The University of the Andes: Founded in 1948, the University of the Andes was a relatively small but thriving private independent institution. In the short period between 1948 and 1967, the university won wide recognition for the quality of its faculty and for the vigor with which it has developed academic programs new to Latin America. The then newly constructed campus lay on the slope of the beautiful Andean chain that encircled Bogotá and the environing plains. As of 2004, EAP no longer had a program in Colombia.

The University of Birmingham: This large and important municipal university evolved out of one of the science colleges established in the expanding industrial cities in the mid-nineteenth century. The founding of the university by royal charter in 1900 made Birmingham the prototype of the English civic universities. By the mid-1960s, there were more than 5,000 students enrolled in the faculties of arts, commerce and social science, law, medicine, science, and the institute of education.

The University of Bordeaux, founded in 1441, is one of the oldest and most distinguished French universities. The study center, established in 1962, as of 1967, was the largest of the centers with an annual enrollment of 100. In addition to courses in French language and literature, there were numerous courses in the various social science fields, as well as more limited offerings in such fields as art, mathematics, and chemistry.

The University of Edinburgh: The "College of Edinburgh" was founded in 1583 by the town council of the city of Edinburgh. In the 1960s, this university, one of the world's most distinguished, contained eight eminent faculties, each of which has its own special traditions: divinity, law, medicine, arts, sciences, music, social science, and veterinary medicine.

The University of Lund was chartered in 1666 and opened its halls to students in 1668. It was a university of world renown and next to Uppsala the oldest university in Sweden. During the mid-1960s, the University of Lund had faculties of theology, law, medicine, the humanities, social science, mathematics, and the natural sciences. University of California students will be primarily enrolled in the latter four faculties.

The University of Madrid study center was opened for the academic year 1964-65. During the 1960s, it was one of the largest of the programs abroad. The University of Madrid was founded in the 16th century and had grown into a large, cosmopolitan institution of some 30,000 students. The then new University City, with its modern classroom buildings, laboratories, and residences was considered one of the finest in Europe.

The University of Padua study center was established in 1963-64. The University of Padua is one of the oldest European universities and is noted for its distinguished students--among them Copernicus--and its distinguished teachers--among them Galileo. Participants at Padua enroll largely in courses in Italian language and literature, art history, European history, political science and anthropology.

The University of Sussex: The first of seven English universities developed in the 1960s, the University of Sussex in Brighton received its royal charter in 1961. This vital institution expected to build a community of some 3,000 students by 1967. Sussex sought to follow Oxford's tradition of the individual tutorial.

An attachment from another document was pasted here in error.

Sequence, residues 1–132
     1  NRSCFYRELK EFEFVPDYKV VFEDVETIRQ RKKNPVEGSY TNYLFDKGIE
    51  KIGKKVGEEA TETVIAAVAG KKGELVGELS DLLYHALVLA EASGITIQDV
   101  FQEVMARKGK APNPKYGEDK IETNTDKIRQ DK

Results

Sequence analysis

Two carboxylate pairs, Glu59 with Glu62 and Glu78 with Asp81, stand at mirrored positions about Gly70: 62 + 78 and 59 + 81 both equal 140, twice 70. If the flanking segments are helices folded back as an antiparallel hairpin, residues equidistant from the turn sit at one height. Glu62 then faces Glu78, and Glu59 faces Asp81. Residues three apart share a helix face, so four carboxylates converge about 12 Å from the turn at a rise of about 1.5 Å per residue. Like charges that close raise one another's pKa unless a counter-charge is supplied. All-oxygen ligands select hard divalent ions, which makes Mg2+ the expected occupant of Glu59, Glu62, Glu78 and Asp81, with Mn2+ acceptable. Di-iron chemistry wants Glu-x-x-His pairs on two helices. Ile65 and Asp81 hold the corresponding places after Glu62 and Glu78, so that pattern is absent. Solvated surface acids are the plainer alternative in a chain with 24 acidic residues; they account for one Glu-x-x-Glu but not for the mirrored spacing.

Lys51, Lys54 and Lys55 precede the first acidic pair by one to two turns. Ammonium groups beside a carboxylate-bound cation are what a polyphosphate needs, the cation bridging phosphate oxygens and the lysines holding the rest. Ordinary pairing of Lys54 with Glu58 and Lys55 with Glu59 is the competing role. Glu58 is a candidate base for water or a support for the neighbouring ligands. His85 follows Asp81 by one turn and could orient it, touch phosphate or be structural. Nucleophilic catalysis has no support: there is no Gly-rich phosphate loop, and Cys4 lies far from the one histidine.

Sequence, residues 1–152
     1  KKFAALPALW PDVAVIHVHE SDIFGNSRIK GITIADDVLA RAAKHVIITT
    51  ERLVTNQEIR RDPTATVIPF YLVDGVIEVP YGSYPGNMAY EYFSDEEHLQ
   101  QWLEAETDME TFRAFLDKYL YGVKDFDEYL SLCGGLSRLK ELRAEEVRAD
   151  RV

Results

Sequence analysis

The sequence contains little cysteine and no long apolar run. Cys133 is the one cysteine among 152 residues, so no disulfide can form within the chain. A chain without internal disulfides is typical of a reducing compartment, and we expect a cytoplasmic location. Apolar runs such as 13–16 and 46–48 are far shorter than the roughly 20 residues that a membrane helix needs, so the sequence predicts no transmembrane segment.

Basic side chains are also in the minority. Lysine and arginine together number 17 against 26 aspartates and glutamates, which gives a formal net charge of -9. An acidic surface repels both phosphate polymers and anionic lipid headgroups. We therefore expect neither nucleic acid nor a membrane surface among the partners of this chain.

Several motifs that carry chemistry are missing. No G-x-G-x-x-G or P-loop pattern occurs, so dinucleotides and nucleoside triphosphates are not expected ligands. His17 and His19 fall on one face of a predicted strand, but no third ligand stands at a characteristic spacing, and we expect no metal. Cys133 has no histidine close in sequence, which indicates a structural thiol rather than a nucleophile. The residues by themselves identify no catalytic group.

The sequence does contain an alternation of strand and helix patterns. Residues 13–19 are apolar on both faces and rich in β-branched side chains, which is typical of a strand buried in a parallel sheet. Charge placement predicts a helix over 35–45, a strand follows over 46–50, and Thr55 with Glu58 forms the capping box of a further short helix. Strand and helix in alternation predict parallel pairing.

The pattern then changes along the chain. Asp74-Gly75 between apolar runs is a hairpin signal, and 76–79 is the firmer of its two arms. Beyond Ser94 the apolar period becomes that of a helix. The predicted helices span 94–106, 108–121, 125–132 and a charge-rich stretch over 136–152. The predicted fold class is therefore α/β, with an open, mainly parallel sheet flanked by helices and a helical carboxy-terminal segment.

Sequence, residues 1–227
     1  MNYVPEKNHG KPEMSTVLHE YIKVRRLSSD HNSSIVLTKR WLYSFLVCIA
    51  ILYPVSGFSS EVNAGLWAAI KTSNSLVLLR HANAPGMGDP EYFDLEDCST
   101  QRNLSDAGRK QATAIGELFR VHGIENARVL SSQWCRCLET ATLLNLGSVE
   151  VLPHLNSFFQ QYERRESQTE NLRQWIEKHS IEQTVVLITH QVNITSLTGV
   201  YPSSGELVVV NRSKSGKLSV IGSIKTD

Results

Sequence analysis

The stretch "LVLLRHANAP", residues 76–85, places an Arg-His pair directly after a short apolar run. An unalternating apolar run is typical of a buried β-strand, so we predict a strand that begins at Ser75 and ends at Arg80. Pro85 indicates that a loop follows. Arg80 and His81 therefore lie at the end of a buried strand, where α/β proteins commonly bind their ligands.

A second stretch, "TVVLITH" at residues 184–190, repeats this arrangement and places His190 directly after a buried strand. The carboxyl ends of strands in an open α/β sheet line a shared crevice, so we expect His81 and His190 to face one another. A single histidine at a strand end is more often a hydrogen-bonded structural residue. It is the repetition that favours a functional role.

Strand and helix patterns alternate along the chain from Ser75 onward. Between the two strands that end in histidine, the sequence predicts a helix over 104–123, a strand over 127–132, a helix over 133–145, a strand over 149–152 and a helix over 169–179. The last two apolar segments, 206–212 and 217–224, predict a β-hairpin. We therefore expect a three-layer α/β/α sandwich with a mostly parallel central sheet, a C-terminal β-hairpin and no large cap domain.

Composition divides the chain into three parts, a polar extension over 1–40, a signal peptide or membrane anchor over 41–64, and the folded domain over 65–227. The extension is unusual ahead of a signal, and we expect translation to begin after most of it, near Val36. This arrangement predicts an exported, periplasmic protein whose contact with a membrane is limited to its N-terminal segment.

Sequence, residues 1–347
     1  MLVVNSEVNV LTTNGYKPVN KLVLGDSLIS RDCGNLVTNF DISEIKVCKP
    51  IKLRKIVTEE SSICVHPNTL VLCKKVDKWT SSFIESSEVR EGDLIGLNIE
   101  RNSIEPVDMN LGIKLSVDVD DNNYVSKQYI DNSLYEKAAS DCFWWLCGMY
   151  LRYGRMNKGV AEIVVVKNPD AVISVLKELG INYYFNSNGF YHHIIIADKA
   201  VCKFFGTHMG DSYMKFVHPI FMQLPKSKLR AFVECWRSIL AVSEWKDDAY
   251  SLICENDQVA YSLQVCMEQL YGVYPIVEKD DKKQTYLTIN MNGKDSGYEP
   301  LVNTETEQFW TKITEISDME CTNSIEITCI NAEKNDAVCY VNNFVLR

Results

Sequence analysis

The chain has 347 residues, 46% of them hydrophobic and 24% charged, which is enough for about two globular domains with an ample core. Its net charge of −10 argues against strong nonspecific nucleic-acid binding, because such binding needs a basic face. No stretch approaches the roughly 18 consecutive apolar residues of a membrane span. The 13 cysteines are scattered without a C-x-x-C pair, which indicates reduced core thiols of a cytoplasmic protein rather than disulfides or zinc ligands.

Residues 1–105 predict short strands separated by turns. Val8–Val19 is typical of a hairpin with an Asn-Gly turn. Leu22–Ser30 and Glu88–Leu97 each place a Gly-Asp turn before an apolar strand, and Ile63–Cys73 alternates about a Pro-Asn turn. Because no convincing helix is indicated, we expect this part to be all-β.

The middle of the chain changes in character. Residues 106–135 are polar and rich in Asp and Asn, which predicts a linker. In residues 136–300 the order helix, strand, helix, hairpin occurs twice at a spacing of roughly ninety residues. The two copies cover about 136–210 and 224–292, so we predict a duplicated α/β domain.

The University of St. Andrews was founded in 1411. The University's two colleges at St. Andrews emphasized the arts, humanities, pure science, divinity, and pre-clinical medicine. Queen's College, laying across the Tay in Dundee, had been a part of St. Andrews University since 1953 and emphasizes social sciences, engineering, law, clinical medicine, and dentistry. source

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Energy Institute, University of California (UCEI)
The UCEI, originally the Universitywide Energy Research Group (UERG), was established at Berkeley in December 1980 after more than a year of careful review and planning in response to UC President David Saxon's initiative on the subject. It united energy research across the nine campuses and three UC-managed national laboratories.

In April 1981, 32 proposals won $220,000 in grants, spearheading the first research projects of the institute. They ranged from a social/behavioral study in conservation at UC Santa Cruz to research in marine radioisotopes at the Scripps Institute of Oceanography at UC San Diego. The next year, the Energy Science and Technology Program and California Energy Studies, the Institute's main grant organizations were launched. EST provides seed-grants to new projects within the University of California, and CES funds studies that pertain specifically to the problems of California itself, with a special attention to policy. Since then, the Institute has funded many prominent research programs, including the Program on Workable Energy Regulation (POWER), which applies academic research to California energy problems, the California Institute for Energy Efficiency (CIEE), a research organization for such issues as air quality impacts of energy efficiency, and the Center for the Built Environment (CBE), who apply cutting-edge energy research to civil engineering. source